Heracles is a mighty hero, most known for freeing Prometheus from his eternal chains, and performing Twelve Labors to atone for his bout of madness where he killed all of his children.
Heracles (sometimes spelled Herakles) is one of the most popular Greek heroes, known as Hercules (the Roman equivalent) in more modern times. He was the son of Zeus and Alcmene, princess of Thebes. Hera was extremely jealous of Heracles and his twin brother Iphicles, so she sent two serpents to devour them shortly after they were born. Heracles put out his infant hands and strangled the two serpents to death.
Heracles grew up to choose the path of Virtue, although he was derailed by a fit of madness sent to him by the ever-vengeful Hera, and in his madness he killed all of his children. In order to atone for this atrocity, the Oracle at Delphi told him he would need to serve King Eurystheus of Mycenae. Eurystheus gave Heracles twelve tasks to complete before he could earn his freedom back. Most of these tasks involved killing or retrieving creatures for the king, and Heracles accomplished all of them. He killed and skinned the Nemean lion with its own claws, and the skin became a part of Heracles’ depiction in ancient Greek art. During the Eleventh Labor in which Heracles had to retrieve the Golden Apples of Hesperides, he killed the eagle and broke the chains of Prometheus, finally setting him free from the torture of having his liver pecked out each day.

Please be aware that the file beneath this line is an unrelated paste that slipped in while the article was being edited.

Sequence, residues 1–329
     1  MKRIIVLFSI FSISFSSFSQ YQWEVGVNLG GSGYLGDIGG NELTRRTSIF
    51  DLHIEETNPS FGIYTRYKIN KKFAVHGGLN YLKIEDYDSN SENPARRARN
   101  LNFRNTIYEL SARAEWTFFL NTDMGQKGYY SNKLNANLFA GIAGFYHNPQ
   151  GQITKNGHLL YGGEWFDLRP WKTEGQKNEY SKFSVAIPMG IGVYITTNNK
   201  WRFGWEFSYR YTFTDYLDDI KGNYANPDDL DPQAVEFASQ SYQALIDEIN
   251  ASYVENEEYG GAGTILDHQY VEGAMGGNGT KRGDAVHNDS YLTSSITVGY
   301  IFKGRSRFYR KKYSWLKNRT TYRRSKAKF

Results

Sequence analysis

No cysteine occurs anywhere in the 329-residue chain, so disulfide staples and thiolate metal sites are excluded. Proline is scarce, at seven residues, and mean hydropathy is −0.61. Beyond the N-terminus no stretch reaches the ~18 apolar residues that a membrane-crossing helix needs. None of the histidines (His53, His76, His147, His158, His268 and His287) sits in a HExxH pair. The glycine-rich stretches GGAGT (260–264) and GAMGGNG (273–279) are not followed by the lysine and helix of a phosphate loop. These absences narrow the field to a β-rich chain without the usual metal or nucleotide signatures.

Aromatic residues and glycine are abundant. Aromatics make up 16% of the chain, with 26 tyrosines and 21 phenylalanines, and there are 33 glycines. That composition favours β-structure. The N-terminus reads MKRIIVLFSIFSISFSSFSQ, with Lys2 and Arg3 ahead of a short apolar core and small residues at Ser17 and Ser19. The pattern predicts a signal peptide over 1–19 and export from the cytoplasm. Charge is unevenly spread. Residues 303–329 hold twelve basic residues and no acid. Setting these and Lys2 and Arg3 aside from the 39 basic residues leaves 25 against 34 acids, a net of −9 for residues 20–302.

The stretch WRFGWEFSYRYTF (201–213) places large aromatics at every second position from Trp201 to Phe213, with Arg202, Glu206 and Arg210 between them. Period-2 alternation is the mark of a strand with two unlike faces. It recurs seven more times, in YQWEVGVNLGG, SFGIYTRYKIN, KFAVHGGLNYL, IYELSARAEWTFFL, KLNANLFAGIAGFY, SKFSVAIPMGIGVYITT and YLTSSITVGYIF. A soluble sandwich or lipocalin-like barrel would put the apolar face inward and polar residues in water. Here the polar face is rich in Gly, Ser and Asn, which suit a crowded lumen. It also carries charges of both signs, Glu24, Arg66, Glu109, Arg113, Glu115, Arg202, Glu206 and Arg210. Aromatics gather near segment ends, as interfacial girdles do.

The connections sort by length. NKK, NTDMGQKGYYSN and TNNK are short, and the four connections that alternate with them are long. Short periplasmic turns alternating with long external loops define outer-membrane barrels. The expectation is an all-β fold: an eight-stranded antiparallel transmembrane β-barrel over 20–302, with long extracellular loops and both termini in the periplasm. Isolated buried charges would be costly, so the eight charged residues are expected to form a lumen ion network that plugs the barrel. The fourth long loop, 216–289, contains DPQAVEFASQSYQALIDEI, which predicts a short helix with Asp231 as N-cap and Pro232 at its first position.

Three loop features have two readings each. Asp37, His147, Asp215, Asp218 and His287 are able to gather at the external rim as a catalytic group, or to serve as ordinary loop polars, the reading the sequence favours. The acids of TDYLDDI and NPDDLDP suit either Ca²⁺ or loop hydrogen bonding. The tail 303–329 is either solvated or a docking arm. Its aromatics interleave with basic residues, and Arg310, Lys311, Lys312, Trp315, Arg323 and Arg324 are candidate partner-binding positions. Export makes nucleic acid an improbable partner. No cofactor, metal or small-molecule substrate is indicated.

Heracles was also crucial in installing King Priam as the King of Troy, after he attacked Troy with a fleet and ransacked the city shortly after defeating a monster sent by Poseidon. Priam became the pariah of the Greek world when he refused to turn Helen over to the Greeks, honoring his son’s love for the girl instead.
Heracles was killed by his wife Deianira, when she discovered he had fallen in love with another woman. Deianira was given special blood by a centaur, Nessus, which he told her would turn Heracles’ heart back to her if he ever fell in love with someone else. She wove it into a robe for him, but it was a trick of revenge by the centaur. As soon as Heracles put the robe on, he was burned to death. He was granted a place on Mount Olympus and given the goddess of youth, Hebe, as his wife.
Zeus and Alcmene
Megara, Deianira, Hebe